This is a place near my village. Does it look familiar!!!?
    http://www.welshicons.org.uk/html/st_lythans_burial_chamber.php

  12. 12
    admin 

    Sure does, we have many things in common!

  13. There is a considerable amount of good material within this article. I am signing up to your rss feed.

  14. 14
    yah 

    thanks for the great information. i love it

  15. I’m not that much of a internet reader to be honest but your blogs really nice, keep it
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  16. 16
    Jeanett 

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  17. 17
    Galego 

    Hello, im galician and i have visited ireland recently, i thought i was in my land! we dont have a celtic language because of the romanization, but irish (i dont know about welsh and scotish) and galician share lots of traditions, if you need some help with this web i could help you.

    i really like your work in this web!

  18. great post, very informative. I wonder why the other specialists of

    this sector don’t notice this. You must continue your writing. I am confident, you have a great readers’ base already!

  19. 19
    Vincent F. Pintado 

    The Gallaic Revival Movement has just reconstructed the Gallaic language also known as Gallaecian. Actually it is being spoken among the members of the Gallaic Celtic League (Liga Celtiga Galaica) in Galicia, Spain.

  20. 20
    Terence 

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  21. 21
    Jose 

    My family is from Galicia, and all this was very interesting and I’ve visited most of these places.

    I’m pretty sure you got some of your information wrong in the history of Muros section though. The Spanish Civil War was not in 1808 but rather the 1960’s, and so I don’t think the French burned down Muros during the Spanish Civil War.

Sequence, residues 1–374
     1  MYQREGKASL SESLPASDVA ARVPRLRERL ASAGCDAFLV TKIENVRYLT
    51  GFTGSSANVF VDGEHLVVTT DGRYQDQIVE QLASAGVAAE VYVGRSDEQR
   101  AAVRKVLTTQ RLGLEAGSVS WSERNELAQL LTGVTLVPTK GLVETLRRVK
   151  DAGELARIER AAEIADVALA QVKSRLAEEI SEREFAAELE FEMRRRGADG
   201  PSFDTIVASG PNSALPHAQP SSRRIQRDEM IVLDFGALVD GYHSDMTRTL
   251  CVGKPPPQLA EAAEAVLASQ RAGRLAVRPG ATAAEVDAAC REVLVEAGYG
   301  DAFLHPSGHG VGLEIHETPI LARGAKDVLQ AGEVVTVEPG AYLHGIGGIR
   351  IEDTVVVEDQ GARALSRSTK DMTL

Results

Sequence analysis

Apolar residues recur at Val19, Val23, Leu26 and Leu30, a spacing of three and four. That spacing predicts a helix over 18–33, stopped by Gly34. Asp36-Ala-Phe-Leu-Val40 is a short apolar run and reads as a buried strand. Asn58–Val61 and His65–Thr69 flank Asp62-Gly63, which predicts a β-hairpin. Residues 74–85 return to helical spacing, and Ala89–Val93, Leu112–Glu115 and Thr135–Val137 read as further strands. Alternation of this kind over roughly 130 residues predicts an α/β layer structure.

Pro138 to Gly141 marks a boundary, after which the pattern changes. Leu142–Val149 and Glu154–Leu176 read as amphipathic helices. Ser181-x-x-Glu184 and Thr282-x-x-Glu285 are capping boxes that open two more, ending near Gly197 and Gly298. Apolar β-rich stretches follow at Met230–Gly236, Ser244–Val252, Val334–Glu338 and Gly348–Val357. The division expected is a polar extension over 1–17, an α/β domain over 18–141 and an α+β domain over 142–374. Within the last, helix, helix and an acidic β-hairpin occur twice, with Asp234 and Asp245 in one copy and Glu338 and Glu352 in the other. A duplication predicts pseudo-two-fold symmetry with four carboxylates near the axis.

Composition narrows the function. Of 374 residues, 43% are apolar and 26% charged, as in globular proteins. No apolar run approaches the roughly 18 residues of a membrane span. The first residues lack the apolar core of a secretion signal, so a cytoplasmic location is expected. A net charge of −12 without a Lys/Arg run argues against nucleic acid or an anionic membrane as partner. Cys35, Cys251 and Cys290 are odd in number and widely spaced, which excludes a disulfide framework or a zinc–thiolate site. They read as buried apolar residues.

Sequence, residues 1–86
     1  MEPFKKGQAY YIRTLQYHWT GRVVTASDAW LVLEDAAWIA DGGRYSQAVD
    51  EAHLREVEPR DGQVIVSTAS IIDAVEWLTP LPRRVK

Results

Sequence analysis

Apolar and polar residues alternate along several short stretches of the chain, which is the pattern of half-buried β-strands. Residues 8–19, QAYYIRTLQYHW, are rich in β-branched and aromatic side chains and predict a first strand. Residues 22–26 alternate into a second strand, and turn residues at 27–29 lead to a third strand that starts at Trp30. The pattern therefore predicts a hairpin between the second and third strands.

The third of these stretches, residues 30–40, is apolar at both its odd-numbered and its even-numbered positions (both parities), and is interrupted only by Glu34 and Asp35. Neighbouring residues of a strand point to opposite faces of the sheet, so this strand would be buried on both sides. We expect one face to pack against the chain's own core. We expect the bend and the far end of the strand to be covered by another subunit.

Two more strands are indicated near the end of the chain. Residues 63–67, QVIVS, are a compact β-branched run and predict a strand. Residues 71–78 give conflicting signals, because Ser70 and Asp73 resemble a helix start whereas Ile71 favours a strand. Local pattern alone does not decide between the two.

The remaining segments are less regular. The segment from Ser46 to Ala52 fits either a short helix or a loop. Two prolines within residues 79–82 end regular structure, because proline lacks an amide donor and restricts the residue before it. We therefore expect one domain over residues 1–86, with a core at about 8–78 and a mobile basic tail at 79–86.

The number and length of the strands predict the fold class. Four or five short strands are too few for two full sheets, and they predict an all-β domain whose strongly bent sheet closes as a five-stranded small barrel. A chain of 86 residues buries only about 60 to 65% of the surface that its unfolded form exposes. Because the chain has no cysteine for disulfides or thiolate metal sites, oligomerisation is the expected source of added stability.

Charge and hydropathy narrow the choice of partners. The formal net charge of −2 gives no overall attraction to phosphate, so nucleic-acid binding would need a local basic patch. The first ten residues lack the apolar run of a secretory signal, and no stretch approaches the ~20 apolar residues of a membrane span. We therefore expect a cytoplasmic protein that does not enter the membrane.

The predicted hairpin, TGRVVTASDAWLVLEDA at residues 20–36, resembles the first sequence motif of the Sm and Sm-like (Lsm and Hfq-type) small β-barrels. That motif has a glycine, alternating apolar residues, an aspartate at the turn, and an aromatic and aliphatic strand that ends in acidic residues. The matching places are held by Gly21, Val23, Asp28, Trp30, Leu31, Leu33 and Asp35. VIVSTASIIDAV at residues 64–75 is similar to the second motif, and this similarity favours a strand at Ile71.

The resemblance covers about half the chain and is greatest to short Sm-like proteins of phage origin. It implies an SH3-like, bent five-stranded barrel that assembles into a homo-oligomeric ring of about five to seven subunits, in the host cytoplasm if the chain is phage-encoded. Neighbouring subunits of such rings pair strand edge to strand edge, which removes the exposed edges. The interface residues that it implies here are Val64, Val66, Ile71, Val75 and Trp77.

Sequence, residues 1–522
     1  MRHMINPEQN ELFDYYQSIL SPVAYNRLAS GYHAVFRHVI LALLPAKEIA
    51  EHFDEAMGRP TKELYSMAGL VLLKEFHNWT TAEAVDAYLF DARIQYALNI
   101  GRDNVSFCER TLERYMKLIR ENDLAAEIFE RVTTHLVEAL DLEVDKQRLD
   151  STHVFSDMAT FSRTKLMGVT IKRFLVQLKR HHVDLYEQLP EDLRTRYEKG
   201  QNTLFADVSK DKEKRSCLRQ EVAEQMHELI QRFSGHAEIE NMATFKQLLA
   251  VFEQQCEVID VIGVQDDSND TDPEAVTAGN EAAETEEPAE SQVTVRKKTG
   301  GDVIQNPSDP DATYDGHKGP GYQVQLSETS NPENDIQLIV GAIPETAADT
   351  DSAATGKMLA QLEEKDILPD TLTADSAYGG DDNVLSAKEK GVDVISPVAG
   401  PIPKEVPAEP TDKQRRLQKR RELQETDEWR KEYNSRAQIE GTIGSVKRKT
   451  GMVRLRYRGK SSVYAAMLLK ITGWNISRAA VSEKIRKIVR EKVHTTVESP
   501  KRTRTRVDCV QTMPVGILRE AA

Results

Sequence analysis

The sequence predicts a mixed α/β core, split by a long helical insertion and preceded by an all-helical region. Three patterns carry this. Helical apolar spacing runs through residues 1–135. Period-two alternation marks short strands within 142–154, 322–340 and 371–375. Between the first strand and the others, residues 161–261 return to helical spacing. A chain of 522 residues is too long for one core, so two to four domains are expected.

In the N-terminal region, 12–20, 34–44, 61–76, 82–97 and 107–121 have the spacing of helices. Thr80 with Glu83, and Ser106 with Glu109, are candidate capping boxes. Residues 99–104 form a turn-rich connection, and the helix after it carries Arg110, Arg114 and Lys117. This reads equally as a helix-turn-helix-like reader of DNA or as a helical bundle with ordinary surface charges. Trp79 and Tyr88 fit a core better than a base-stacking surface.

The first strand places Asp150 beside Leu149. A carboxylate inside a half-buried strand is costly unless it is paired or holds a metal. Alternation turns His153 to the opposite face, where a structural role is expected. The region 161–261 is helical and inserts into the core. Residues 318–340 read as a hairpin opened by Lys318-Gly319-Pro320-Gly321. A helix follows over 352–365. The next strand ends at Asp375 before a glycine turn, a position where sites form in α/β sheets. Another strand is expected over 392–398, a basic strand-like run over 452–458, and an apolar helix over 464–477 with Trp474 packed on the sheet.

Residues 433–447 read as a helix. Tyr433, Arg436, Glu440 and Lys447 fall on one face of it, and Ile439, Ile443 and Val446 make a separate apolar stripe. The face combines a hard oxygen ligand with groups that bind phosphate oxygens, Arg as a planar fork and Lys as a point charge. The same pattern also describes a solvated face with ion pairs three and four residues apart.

22. 22
    Louise Armstrong 

    Greetings, I am an Australian, largely of Irish, Scottish and French extraction. I often get told I “look Spanish” (dark hair, hazel eyes, medium skin. I also have a natural affinity with “Spanish culture and language” and now I know why!!! I am also very interested in the History of the Celtic peoples. My brother’s haploid groups put us very clearly in the regions described. Thanks for this and best wishes.

  23. 23
    Louise Armstrong 

    PS I am a medieval re-enactor and have the “cup” as my personal heraldry – which it turns out is the heraldry for Galicia. (oh and when I say Spanish, I mean “Spanish”). Another interesting item – the family genealogy also shows a v. small influence of Italian – ?? Roman ?? as I have family from London, I am thinking 1st-4th C Roman via Londinium, however, given the Roman influence in Galicia…could be???

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  25. 25
    Colm Fahy 

    I am completing a book in which I awaken the Celtic connection of Galicia through some of the best legends of the Irish Mythological Cycles – please see my book trailer at http://WWW.LIBROS.COM.

  26. 26
    Colm Fahy 

    PS THE BOOK IS CALLED GALICIA TO GLORA